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THE CULTURE CORNER:
What's for tea?
Special Report from New Zealand

By Breidi Truscott Roberts

Spring 2013 I-House Times

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I imagined cultural adjustment in New Zealand would be easy since I speak English like the majority does in this country (English, Maori and NZ Sign Language are the official languages). Or so I thought. Surprisingly, one of the main challenges—in addition to learning how to drive on the other side of the road—has been deciphering a new set of vocabulary. Swimsuits are now 'togs,' friends are 'mates,' flip-flops are 'jandals,' and a 'plunger' is actually a French press for coffee. The kiwi that I know from home is called a 'kiwifruit' here and Kiwi actually refers to a native bird as well as the people who live in New Zealand.

I recently went to a BBQ at the house of a new 'Kiwi mate' of mine and wanted to learn more about this thing called 'tea.' Certainly I know what tea is—but it was more the concept of a meal named 'tea,' about which I inquired. Like the British, New Zealanders call 'tea' a break from work for mini-meals. However, the main meal of the day is often called 'tea' and eaten around 5-7pm. I asked my friend, "So, it's like dinner?"


"Yes," he said, "it is the same as dinner. And you might be confused when ordering an 'entrée' because in New Zealand 'entrées' come before the 'main,' even though I know in the US you know them as appetizers.'"


"OK let me get the meals straight. You have breakfast, morning tea, lunch, then 'tea' in the evening?" I clarified, "Do you also have something called 'supper'?"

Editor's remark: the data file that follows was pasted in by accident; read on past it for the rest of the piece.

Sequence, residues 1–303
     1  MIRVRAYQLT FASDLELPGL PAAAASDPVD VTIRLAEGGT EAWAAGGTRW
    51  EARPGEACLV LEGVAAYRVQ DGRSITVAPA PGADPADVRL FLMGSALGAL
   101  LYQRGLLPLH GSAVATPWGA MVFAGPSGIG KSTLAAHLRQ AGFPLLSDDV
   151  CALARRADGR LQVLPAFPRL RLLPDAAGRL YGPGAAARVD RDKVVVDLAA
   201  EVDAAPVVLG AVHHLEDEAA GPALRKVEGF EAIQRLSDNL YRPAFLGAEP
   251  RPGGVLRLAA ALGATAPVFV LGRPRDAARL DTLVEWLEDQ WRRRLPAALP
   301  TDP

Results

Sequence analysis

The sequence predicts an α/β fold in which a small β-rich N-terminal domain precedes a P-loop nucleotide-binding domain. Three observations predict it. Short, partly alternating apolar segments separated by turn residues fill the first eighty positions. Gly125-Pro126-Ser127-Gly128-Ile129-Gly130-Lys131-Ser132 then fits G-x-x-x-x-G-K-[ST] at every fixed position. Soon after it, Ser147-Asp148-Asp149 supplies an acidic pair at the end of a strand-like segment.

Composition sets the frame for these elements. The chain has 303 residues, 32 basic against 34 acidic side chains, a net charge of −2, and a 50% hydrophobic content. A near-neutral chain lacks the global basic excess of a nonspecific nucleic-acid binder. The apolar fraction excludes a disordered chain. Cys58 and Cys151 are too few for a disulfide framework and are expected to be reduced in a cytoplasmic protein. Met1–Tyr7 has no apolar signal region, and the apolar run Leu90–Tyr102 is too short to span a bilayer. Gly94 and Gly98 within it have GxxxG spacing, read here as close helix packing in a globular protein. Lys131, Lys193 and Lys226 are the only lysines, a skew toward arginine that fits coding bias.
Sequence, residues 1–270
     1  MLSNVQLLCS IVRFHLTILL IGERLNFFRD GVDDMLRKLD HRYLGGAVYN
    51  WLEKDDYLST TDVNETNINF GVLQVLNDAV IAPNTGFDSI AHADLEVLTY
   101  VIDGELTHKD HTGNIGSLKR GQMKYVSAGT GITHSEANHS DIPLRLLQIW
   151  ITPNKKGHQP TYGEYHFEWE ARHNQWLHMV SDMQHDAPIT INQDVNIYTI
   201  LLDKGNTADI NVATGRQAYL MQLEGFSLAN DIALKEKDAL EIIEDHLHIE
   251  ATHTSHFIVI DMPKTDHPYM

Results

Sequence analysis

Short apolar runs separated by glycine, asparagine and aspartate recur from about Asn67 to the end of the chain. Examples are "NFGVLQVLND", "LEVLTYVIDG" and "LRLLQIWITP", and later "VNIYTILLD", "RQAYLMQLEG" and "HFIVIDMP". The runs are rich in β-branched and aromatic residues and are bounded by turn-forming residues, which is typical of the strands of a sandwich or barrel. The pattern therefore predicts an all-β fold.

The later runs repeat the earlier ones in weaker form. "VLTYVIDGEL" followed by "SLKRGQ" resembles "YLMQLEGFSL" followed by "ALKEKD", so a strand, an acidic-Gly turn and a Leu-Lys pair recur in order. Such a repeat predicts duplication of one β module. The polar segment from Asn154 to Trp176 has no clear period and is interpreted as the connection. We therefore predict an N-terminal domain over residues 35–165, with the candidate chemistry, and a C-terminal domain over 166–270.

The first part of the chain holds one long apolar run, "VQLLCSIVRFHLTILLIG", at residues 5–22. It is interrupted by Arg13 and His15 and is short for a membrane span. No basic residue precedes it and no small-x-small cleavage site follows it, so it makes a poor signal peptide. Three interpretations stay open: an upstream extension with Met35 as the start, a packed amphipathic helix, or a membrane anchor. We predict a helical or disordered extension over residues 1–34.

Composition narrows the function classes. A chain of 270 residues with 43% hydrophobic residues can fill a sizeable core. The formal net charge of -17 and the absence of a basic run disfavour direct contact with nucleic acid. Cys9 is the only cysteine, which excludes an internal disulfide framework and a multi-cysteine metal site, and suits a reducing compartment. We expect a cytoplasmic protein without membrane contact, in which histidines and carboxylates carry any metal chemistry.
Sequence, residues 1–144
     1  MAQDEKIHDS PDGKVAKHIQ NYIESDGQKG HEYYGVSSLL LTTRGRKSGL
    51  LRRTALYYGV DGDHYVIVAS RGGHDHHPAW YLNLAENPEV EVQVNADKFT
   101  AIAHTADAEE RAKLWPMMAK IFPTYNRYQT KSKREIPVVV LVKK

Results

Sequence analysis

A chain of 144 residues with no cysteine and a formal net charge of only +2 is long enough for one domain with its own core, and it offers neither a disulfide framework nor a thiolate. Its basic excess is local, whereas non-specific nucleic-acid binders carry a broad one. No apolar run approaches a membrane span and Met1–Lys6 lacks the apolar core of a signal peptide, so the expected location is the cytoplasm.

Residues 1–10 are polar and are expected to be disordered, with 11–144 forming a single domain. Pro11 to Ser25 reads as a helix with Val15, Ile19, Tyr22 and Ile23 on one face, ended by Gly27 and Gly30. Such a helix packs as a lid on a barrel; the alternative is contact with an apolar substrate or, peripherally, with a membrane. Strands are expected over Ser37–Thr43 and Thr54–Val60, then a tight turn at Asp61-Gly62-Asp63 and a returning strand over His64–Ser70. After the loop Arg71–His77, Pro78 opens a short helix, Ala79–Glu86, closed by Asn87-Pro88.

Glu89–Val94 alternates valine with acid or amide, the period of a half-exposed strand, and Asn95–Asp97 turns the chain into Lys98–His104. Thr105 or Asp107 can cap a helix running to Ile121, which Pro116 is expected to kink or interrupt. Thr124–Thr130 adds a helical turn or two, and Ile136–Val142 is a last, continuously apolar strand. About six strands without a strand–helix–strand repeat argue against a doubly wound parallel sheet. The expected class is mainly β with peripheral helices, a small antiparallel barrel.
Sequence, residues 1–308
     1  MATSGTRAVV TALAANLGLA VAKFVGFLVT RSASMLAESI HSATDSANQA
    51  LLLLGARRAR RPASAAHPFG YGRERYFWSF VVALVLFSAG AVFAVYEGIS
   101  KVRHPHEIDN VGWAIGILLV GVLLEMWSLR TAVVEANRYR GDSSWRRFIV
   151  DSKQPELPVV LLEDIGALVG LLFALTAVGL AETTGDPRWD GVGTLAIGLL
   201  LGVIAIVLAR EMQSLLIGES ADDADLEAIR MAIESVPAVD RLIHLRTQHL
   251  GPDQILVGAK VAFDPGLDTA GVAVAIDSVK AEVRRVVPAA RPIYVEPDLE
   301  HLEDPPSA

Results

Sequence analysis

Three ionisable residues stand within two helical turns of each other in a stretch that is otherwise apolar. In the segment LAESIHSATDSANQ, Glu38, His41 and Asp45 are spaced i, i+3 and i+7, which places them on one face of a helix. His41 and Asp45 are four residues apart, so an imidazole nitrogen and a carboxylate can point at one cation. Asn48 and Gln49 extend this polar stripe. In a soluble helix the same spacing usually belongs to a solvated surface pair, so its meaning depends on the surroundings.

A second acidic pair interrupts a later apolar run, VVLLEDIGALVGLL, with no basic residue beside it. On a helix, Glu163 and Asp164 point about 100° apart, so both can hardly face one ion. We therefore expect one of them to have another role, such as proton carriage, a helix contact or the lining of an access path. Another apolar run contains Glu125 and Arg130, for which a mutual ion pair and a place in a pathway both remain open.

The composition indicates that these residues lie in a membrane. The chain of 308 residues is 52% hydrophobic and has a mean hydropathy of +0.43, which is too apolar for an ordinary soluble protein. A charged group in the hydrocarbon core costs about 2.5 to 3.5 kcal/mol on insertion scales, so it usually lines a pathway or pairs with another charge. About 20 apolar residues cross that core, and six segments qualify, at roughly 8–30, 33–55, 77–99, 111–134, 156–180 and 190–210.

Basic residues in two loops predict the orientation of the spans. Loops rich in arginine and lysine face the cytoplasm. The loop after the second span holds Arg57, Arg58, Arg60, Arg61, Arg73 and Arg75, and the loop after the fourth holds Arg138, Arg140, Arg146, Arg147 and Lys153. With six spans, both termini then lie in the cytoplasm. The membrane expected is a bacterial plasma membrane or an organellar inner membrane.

"Supper comes after 'tea' and involves some sort of 'pudding.'"

"You mean to say you have pudding every night?"

"Well, 'pudding' can be any kind of post-meal treat even though you probably think of it only as a sweet dish with a custard-like consistency," he replied.

"So 'pudding' means any kind of dessert?" I asked, and he confirmed. "Does anything else come with this dessert course?"

"Why, tea, naturally!" he said, just as I thought I was beginning to understand.
It goes to show, cultural differences can be confusing–and a reminder for us all to have patience with visitors unfamiliar with our culture. An outsider's perspective can shine a light on our own humorous idiosyncrasies. Please pass the pudding!


 

Breidi has a Masters in Intercultural Relations from the School for International Training, is certified in Emotional Intelligence and Diversity instruction and the Cultural Detective methodology. A fellow at the Institute for Intercultural Communication's annual summer institute (SIIC), she serves on the Board of the Society for Intercultural Education Training and Research (SIETAR).